This led to many media misrepresentations.
One time police “were twisting his arms” and “giving him a pain compliance hold,” Katie recalled. “He wasn’t doing anything. He was just standing there. They were really assaulting him.”
“Then after it was all over,” she said, “they charged Pat with assaulting a police officer. I was absolutely furious” because it's the opposite of what had happened. The pro-life side had a videotape of the encounter and so they gave it to the attornery general and others involved in the case.
“They didn’t even bother to look at it for about six months,” said Katie. “And finally they watched it after six months and immediately dropped the charges,” which had been entirely bogus.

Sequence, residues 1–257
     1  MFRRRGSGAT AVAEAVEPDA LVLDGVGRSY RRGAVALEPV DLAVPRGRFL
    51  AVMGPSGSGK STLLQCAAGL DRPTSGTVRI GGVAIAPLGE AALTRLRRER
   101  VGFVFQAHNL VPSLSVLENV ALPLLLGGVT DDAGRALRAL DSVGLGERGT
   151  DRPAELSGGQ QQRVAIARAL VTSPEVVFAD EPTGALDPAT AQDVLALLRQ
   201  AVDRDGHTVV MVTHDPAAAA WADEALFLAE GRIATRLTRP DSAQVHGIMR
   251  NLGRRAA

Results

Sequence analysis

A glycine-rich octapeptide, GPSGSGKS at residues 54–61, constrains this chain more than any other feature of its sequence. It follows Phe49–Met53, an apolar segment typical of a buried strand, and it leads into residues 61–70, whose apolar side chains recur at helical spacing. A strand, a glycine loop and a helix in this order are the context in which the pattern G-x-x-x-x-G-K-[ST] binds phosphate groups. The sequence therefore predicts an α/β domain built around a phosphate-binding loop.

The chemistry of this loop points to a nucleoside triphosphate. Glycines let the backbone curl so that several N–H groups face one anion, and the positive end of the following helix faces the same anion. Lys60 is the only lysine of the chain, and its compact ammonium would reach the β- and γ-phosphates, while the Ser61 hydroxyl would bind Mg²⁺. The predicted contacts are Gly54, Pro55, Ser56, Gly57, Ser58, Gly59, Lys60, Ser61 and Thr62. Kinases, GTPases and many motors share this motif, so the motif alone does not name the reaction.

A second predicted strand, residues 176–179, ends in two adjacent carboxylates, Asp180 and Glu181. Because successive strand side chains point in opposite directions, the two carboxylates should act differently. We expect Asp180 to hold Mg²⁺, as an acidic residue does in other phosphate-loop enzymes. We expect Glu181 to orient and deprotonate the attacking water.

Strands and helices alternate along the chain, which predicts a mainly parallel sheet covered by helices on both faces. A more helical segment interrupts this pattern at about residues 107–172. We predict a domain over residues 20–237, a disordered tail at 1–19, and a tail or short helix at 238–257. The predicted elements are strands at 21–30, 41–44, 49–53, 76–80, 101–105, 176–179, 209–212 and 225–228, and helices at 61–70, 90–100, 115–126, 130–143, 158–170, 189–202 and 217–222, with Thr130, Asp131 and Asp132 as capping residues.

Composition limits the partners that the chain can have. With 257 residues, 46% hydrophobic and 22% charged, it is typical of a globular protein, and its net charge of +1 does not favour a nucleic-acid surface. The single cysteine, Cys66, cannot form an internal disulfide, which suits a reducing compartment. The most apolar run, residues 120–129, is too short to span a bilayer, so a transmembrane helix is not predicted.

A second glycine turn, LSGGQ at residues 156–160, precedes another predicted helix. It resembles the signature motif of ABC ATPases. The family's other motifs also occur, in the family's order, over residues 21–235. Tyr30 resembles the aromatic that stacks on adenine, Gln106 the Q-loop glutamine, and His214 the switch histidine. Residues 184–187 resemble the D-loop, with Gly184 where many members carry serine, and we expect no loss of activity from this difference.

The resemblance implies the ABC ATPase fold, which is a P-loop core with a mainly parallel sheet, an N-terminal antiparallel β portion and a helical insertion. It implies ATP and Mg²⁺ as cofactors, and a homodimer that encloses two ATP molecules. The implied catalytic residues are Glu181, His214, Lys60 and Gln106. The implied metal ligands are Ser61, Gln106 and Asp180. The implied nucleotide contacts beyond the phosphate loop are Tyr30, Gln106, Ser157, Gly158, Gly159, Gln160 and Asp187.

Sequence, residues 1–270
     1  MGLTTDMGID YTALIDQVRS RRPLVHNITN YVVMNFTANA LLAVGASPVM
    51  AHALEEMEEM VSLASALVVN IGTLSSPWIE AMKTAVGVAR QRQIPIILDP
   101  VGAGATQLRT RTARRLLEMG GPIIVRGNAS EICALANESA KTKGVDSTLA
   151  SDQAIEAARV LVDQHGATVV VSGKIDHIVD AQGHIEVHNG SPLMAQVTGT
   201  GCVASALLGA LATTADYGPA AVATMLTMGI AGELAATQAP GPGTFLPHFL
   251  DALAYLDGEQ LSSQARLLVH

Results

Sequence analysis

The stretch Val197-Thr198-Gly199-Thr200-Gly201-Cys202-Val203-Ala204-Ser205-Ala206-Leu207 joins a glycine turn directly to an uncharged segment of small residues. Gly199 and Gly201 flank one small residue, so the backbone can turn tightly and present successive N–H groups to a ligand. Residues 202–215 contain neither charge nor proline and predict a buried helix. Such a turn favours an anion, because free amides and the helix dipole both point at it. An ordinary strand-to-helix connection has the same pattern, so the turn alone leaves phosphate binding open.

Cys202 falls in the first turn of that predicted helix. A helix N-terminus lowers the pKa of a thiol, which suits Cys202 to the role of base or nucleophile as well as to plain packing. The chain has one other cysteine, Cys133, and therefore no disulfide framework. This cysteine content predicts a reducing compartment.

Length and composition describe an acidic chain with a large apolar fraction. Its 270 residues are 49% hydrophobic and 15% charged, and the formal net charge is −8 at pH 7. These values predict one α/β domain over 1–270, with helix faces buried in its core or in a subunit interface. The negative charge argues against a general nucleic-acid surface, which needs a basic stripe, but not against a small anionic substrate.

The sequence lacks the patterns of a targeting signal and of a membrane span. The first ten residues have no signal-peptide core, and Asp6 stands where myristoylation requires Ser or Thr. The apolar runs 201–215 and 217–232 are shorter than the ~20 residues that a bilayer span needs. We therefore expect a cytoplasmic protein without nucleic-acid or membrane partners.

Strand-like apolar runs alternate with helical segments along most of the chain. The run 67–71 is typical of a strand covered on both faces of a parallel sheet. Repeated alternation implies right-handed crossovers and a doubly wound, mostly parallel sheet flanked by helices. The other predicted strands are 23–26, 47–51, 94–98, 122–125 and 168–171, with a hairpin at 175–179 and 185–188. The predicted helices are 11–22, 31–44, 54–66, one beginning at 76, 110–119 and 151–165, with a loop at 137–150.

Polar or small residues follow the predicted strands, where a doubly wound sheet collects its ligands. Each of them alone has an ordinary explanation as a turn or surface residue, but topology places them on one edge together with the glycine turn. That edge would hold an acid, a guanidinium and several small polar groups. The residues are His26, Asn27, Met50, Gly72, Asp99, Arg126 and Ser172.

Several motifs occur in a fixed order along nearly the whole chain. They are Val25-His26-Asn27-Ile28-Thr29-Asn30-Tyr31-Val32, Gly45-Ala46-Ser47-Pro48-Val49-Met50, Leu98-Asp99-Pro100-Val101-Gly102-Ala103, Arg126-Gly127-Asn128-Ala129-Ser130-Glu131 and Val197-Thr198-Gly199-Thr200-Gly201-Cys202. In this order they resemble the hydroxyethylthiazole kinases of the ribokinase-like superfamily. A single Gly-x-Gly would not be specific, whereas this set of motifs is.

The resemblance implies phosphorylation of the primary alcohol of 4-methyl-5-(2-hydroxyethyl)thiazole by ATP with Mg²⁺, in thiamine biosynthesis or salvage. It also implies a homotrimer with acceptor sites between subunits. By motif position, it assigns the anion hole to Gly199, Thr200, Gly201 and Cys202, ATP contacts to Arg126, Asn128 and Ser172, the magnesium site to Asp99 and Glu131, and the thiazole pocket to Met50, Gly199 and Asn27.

Katie has been arrested alongside her husband around 25 times.
“We live in such an amazing country [where] we are freely able to make a statement without really being in danger,” she said. “We can have political protest that is just civil disobedience.”
Katie said she has never felt unsafe doing civil disobedience alongside her husband, but that sometimes he has ended up in more dangerous situations than she has.
In 1992, Rev. Mahoney and several other pro-life activists were arrested for kneeling and praying on a sidewalk across the street from a Planned Parenthood. A court had ordered a large “bubble” zone around the abortion center, including that area.
“They were arrested and given six months in jail,” Katie recalled. “And so he got thrown in this really serious prison” where his cellmate was accused of rape or something equally serious. “Pat decided to go on a fast and gave the guy all of his food and the guy then really loved him,” she said. Everyone in prison called him “The Rev.” and came to him for counseling.